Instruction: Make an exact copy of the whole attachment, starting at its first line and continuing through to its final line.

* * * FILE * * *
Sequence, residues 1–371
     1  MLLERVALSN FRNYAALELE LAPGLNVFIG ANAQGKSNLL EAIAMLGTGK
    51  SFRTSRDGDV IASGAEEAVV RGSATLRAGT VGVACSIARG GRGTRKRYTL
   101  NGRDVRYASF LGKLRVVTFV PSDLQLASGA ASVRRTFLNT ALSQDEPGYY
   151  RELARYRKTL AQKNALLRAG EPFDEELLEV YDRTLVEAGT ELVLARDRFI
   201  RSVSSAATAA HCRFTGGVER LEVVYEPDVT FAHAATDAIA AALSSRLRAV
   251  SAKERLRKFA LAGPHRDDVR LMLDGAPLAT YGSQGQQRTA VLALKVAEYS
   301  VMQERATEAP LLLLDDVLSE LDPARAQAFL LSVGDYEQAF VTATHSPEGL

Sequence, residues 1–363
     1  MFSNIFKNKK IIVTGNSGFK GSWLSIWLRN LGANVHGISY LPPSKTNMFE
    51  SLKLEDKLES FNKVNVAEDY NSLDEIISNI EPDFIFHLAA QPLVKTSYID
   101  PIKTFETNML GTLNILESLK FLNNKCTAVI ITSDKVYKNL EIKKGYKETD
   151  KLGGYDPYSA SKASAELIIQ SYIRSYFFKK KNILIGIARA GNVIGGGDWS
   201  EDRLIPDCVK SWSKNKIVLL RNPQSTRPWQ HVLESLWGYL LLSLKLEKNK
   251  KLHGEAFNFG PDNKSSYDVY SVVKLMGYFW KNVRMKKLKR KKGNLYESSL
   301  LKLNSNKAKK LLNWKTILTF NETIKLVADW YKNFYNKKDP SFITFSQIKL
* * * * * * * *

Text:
Sequence, residues 1–371
     1  MLLERVALSN FRNYAALELE LAPGLNVFIG ANAQGKSNLL EAIAMLGTGK
    51  SFRTSRDGDV IASGAEEAVV RGSATLRAGT VGVACSIARG GRGTRKRYTL
   101  NGRDVRYASF LGKLRVVTFV PSDLQLASGA ASVRRTFLNT ALSQDEPGYY
   151  RELARYRKTL AQKNALLRAG EPFDEELLEV YDRTLVEAGT ELVLARDRFI
   201  RSVSSAATAA HCRFTGGVER LEVVYEPDVT FAHAATDAIA AALSSRLRAV
   251  SAKERLRKFA LAGPHRDDVR LMLDGAPLAT YGSQGQQRTA VLALKVAEYS
   301  VMQERATEAP LLLLDDVLSE LDPARAQAFL LSVGDYEQAF VTATHSPEGL

Sequence, residues 1–363
     1  MFSNIFKNKK IIVTGNSGFK GSWLSIWLRN LGANVHGISY LPPSKTNMFE
    51  SLKLEDKLES FNKVNVAEDY NSLDEIISNI EPDFIFHLAA QPLVKTSYID
   101  PIKTFETNML GTLNILESLK FLNNKCTAVI ITSDKVYKNL EIKKGYKETD
   151  KLGGYDPYSA SKASAELIIQ SYIRSYFFKK KNILIGIARA GNVIGGGDWS
   201  EDRLIPDCVK SWSKNKIVLL RNPQSTRPWQ HVLESLWGYL LLSLKLEKNK
   251  KLHGEAFNFG PDNKSSYDVY SVVKLMGYFW KNVRMKKLKR KKGNLYESSL
   301  LKLNSNKAKK LLNWKTILTF NETIKLVADW YKNFYNKKDP SFITFSQIKL